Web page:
She let go of all of the memories that held her back.

    She let go of all of the anxiety that kept her from moving forward.

    She let go of the planning and all of the calculations about how to do it just right.

    She didn’t promise to let go.

    She didn’t journal about it.

    She didn’t write the projected date in her Day-Timer.

    She made no public announcement and put no ad in the paper.

    She didn’t check the weather report or read her daily horoscope.

    She just let go.

    She didn’t analyze whether she should let go.

    She didn’t call her friends to discuss the matter.

    She didn’t do a five-step Spiritual Mind Treatment.

    She didn’t call the prayer line.

    She didn’t utter one word.

    She just let go.

    No one was around when it happened.

    There was no applause or congratulations.

    No one thanked her or praised her.

    No one noticed a thing.

    Like a leaf falling from a tree, she just let go.

    There was no effort.

    There was no struggle.

    It wasn’t good and it wasn’t bad.

    It was what it was, and it is just that.

    In the space of letting go, she let it all be.

    A small smile came over her face.

    A light breeze blew through her. And the sun and the moon shone forevermore…

    – Ernest Holmes

  3. Glad to hear it … seems to be something that many of us have to learn and re-learn, this letting go … and your comment reminds me that the things we particularly need to release vary over time, too. xox

  4. This is a beautiful piece of writing. And it’s both humble and wise. This example isn’t quite so philosophical, but it has its own brand of wisdom at the core. My wife is in real estate. When she’s working on a deal, she says (aloud, often), “Do your best and let go of the outcome.” And when deals fail, she says, “Next!”

    I’ve tried to adopt the attitude for my writing career, but I can’t quite get there. And now, over nine years in, I sometimes wonder where I’d be if I’d been disciplined enough to fully embrace it. When my work has been rejected, I have not let go of the outcome, nor moved on to the next one. I’ve continued to pour myself into my first novel-length work–something I often hear a writer should not do.

    And I have been blessed time and again for my dogged revising and stubborn attitude. I have learned so much about myself and the world, through themes which are now more fully developed than I would’ve dreamed after the first draft–many of which I had no awareness. I’ve met so many wonderful people, and been presented with so many opportunities. Over the years, I have often laid in bed and berated myself for my inability to: “Just let go of the damn thing, already.” But my gut would not allow it. And now that I’ve resigned myself, for better or worse, to a course of persistence, I wonder if I should be grateful for this very human folly.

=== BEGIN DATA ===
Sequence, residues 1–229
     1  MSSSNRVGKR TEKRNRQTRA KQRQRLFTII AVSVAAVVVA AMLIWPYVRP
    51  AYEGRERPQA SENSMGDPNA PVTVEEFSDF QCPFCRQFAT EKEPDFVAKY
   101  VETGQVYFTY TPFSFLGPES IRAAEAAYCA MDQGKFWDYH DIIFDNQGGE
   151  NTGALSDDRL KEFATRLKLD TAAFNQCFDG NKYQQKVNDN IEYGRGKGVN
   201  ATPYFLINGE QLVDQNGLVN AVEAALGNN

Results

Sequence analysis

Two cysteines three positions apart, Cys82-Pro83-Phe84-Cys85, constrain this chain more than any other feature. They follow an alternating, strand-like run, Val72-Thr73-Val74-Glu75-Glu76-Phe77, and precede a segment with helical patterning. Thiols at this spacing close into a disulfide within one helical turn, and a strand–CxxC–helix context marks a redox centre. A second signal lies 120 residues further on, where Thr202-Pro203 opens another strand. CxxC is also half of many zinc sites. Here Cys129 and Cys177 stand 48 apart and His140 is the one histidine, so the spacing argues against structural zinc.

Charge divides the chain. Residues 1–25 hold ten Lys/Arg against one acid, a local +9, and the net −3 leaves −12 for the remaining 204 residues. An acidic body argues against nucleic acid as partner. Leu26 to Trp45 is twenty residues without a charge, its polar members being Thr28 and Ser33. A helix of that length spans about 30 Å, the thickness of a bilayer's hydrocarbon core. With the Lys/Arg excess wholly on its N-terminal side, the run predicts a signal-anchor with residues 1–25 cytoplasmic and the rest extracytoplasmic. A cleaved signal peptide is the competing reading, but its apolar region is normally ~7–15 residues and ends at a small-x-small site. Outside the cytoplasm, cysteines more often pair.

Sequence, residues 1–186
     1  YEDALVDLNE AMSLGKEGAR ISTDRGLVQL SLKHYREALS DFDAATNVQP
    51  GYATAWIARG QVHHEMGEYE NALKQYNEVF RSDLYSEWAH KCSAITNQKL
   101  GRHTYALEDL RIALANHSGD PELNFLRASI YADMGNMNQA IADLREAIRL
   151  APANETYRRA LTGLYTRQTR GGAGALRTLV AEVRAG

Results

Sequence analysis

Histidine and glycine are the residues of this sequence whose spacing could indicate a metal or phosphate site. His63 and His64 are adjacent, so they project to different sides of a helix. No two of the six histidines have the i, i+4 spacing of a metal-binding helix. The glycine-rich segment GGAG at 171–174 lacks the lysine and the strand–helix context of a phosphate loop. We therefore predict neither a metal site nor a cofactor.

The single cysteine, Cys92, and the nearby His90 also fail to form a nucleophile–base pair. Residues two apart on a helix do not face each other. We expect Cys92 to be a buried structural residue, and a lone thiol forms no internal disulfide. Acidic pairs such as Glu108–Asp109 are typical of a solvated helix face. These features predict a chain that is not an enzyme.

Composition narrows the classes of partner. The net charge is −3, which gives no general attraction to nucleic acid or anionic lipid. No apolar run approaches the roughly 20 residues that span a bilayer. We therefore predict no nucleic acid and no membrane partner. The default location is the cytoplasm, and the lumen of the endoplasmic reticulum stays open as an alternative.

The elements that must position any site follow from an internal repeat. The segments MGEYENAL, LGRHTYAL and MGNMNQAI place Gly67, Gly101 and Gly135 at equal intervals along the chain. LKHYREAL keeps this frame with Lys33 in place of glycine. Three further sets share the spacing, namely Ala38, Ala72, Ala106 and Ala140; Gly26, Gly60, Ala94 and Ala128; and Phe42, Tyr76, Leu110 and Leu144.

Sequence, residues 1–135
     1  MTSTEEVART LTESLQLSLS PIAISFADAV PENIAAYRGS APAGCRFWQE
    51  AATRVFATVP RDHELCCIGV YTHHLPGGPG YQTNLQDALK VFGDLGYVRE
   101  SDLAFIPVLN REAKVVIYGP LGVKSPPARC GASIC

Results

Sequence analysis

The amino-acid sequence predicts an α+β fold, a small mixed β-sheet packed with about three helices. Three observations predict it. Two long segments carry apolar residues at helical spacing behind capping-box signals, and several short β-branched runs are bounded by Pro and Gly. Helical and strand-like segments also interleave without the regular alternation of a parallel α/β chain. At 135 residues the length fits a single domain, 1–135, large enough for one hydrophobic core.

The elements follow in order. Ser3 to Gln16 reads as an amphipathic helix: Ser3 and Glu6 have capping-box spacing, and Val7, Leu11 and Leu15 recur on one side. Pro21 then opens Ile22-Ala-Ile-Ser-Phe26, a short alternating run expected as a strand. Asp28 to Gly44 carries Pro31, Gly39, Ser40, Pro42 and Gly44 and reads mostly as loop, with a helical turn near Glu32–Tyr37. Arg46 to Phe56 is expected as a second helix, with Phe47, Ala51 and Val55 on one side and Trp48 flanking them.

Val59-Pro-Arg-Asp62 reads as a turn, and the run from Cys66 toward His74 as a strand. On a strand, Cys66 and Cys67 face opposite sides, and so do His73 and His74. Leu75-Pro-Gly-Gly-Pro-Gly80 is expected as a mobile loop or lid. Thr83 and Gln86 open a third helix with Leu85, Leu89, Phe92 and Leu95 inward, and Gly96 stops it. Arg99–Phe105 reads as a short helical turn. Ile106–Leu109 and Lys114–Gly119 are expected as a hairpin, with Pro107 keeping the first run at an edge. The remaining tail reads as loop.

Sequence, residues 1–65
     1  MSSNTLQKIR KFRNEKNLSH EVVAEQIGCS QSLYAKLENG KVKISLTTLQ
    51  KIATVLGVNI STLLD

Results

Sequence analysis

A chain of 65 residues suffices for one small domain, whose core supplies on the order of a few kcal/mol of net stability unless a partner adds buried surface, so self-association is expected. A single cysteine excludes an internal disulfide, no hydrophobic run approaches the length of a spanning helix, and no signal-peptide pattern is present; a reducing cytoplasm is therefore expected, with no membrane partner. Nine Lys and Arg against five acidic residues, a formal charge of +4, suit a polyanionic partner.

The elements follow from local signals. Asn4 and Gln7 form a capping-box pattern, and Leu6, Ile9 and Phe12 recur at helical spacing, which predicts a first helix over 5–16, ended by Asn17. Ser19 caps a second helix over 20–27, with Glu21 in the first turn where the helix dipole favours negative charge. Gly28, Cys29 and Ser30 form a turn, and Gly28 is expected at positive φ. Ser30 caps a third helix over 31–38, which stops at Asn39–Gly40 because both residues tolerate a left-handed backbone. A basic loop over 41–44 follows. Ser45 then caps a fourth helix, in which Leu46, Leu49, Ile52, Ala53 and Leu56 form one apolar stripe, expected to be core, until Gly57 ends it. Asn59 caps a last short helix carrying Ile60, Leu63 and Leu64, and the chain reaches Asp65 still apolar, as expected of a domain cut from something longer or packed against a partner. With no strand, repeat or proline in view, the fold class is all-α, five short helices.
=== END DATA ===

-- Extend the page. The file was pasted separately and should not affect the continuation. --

Great post, Lindsey! May you find the perfect grip and slip when it comes to letting go.

  5. First, I just wanted to say thanks for keeping your Monday posts despite your recent decision to write/blog a little less (though I am secretly hoping this means a book is in the works!). This is the day I most look forward to reading your words, when the house is quiet and still after a full weekend. As for letting go, I have come to accept that I cannot be everything to everyone. At least not if I want to remain true to myself and do what’s best for the three of us under this roof. If that means that some people (including extended family) become more distant because they cannot accept the “real” me, then so be it. Hard for sure, but worth it in the long run.

  6. Love this piece, Lindsey. My family is in the midst of a health crisis, and my summer is turning out 180 degrees in the other direction of how I anticipated it would unfold. It will mean lots of altered plans in the months and, I suspect, years ahead, but I am trying so hard to LET GO of that plan and hem myself to the new one. When I do, there is so much less struggle and unhappiness.

  7. I, too, have focused on letting go what I (we) thought our lives were going to be. The process is not linear, of course. But if it were, first I fought it. Then I accepted it. Then I became at peace with it. Then I became excited by it. Feeling younger and wondering what surprises and blessings lay ahead that I had never dreamed of…..

  8. In reading your post I was immediately reminded of a favorite quote from Thoreau’s Walden. From Chapter Two (“Where I Lived and What I Lived For”):